Beauty Ads Are A Pain

Last fall, Dove unleashed “Evolution” on an unsuspecting world. A tiny-budget viral video from Ogilvy Canada, it showed a “normal” young woman (the art director’s girlfriend) being transformed into a billboard beauty, complete with digitally lengthened neck, and had the sort of revolutionary effect on advertising that The Beatles had on music(“The Girl With the Photoshopped Eyes”).

It took the 100-year-old news that the beauty business is all about artifice, and presented it in such a clear, visual and high-tech way that it went on to receive nearly 4 million Web hits and won the Grand Prix at Cannes, a first for work that originated on the Internet. For its perfect simplicity and power, it also was pretty much worshiped within the industry.

Obviously, “Evolution” is a ridiculously tough act to follow. With “Onslaught,” I’d say that Dove and its agency have succeeded, although in a more measured way. I like the message: It is clever, artful and technically beautiful. It’s just that from the get-go, “Onslaught” is harder to love.

Whereas “Evolution” has an easy-to-follow, linear story line based on a transformation that occurs “right before our very eyes,” “Onslaught” has a far more difficult, diffuse story to tell. The video barrels through a fictional barrage of the thousands of beauty images women receive daily.

We start with a reverent, almost hypnotic moment of a red-headed 7-year-old staring into the camera. She is a portrait of all that is innocent and pure. And then the tunneling begins. “Here it comes,” the refrain from “La Breeze” by the English group Simian, starts out sweetly Beatles-like and builds to something ominous and frenetic: “Here it comes. La breeze will blow away all your reason…” It’s a perfect match for the visuals: In the beginning, the images are familiar and benign enough—a billboard for skin cream, a mannequin in a store window. It builds to far more sinister expressions of the quest for physical perfection, including the visual diary of a yo-yo dieter and a stream of convincingly Nip/Tuck-ish images of needles and lipo. It’s a technical knockout: Despite the speed of the imagery, there’s no need for Dramamine. It also smartly mirrors the cumulative effect of a lifetime of advertising images on a woman’s self-esteem.

I give the creators props for not shying away from the uglier end result of such messages. But watching a split-second vision of a woman purging into a toilet is tough.

Also different from “Evolution” is that this spot voices the false promises of “thinner, lighter, softer, tighter.” And that’s a small problem: While the spot promotes only the Dove Self-Esteem Fund, it also sells us on the brand in general. And this brand, part of Unilever, makes products that offer some lighter, brighter, tighter, firmer claims of their own.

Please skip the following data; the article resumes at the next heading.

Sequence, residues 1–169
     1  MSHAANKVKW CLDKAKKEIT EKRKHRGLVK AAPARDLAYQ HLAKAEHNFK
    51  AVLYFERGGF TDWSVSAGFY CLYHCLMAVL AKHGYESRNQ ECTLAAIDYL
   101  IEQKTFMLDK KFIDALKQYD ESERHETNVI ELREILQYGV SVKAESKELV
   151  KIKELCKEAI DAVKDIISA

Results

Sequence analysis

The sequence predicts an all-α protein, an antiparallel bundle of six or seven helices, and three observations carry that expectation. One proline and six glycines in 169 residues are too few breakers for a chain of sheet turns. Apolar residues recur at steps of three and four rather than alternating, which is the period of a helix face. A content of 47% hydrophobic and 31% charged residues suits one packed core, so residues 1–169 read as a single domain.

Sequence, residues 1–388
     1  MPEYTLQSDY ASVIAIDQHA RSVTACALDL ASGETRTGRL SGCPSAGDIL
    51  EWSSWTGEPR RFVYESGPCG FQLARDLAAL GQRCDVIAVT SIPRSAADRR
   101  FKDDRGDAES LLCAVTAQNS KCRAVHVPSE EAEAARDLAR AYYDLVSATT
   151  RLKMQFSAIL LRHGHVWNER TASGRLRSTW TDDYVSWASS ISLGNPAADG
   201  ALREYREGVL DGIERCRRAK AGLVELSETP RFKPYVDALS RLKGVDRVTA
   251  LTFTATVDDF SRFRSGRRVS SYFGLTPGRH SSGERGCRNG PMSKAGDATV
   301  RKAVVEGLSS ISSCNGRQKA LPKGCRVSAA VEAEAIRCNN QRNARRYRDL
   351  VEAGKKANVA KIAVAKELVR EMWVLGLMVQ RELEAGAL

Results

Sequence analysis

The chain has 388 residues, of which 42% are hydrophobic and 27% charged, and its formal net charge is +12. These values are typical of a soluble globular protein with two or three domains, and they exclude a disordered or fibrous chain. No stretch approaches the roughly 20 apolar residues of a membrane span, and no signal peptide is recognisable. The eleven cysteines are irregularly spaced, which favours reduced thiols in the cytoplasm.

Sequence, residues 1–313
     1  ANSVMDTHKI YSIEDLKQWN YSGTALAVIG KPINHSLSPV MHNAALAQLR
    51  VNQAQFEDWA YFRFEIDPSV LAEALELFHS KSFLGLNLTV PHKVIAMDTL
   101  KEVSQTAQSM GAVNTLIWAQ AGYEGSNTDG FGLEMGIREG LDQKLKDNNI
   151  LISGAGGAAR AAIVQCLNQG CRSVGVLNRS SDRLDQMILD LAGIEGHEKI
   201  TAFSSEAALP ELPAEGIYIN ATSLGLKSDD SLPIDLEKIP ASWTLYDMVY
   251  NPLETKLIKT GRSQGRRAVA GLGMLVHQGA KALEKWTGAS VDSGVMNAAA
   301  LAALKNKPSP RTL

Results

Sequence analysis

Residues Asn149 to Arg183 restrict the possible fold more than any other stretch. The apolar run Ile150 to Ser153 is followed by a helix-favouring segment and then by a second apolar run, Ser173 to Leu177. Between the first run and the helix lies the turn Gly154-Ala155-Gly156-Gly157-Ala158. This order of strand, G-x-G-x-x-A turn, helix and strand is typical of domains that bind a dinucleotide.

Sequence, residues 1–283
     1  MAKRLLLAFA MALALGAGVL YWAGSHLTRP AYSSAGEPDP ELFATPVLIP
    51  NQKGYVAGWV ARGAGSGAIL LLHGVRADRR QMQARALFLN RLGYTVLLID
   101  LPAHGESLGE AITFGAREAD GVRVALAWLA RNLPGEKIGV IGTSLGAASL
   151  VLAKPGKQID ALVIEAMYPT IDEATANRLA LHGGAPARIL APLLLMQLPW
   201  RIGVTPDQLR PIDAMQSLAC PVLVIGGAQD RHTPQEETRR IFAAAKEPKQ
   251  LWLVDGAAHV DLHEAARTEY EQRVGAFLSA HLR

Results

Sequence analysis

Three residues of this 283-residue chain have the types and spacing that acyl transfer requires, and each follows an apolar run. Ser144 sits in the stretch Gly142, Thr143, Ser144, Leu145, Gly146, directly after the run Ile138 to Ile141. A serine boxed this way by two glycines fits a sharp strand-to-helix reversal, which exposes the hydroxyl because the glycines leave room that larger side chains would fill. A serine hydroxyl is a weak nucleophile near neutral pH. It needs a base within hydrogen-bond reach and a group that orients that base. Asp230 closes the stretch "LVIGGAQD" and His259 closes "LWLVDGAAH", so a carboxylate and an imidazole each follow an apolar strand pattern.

I applaud the agency for keeping a level playing field by subverting mainly beauty brand claims. Yet given the overall picture, it’s sort of old fashioned and simplistic to blame it all on advertising. The biggest problem these days is the combination of technology and celebrity culture: Now everyone wants a makeover and a red-carpet moment.

The biggest offender is reality TV, the gateway drug for plastic surgery. Last week’s cover of Us Weekly featured 21-year-old Heidi Montag (of MTV’s The Hills) talking about her “Revenge Plastic Surgery.” Apparently, people always told her she had a “big nose,” and boys called her “flat,” she revealed. Now with a smaller nose and “ample bosom,” as the magazine puts it, she says, “I really do feel like a woman.”

But back to Dove. The Dove Self-Esteem Fund runs workshops for girls and distributes pamphlets to schools and groups; now it is partnering with the Step Up Women’s Network to “give girls a reality check about what images are real vs. Hollywood magic.” Several celebrities are reportedly volunteering for workshops, but no names have been offered. Which leads me to the third reason why this is a tougher message to sell: The only celebrity I can think of who has truly come clean about aging and cosmetic surgery is Jamie Lee Curtis, and that’s why she now writes children’s books.

The spot ends with “Talk to your daughter before the industry does” over a slow-motion shot of schoolgirls crossing the street. Our red-head follows, slightly out of step with the pack—a clever touch. Still, it’s disturbing: The implication is that she could be as damaged by the relentless and unrealistic imagery hurled at her as by a speeding truck.

So hats off to Dove for having the chutzpa to manipulate the manipulators. There are very few parents of girls who won’t be grateful for the spot. But given that the “Onslaught” message is so much stronger than “True Colors,” which ran on the Super Bowl, why not give it more media weight? No matter how many hits it receives on the Internet, “Onslaught” is a mini course in media studies that should be seen by as many girls and women as possible, on a big TV screen, innocent cheek by surgically tucked jowl, to compare and contrast with all the stuff it attacks.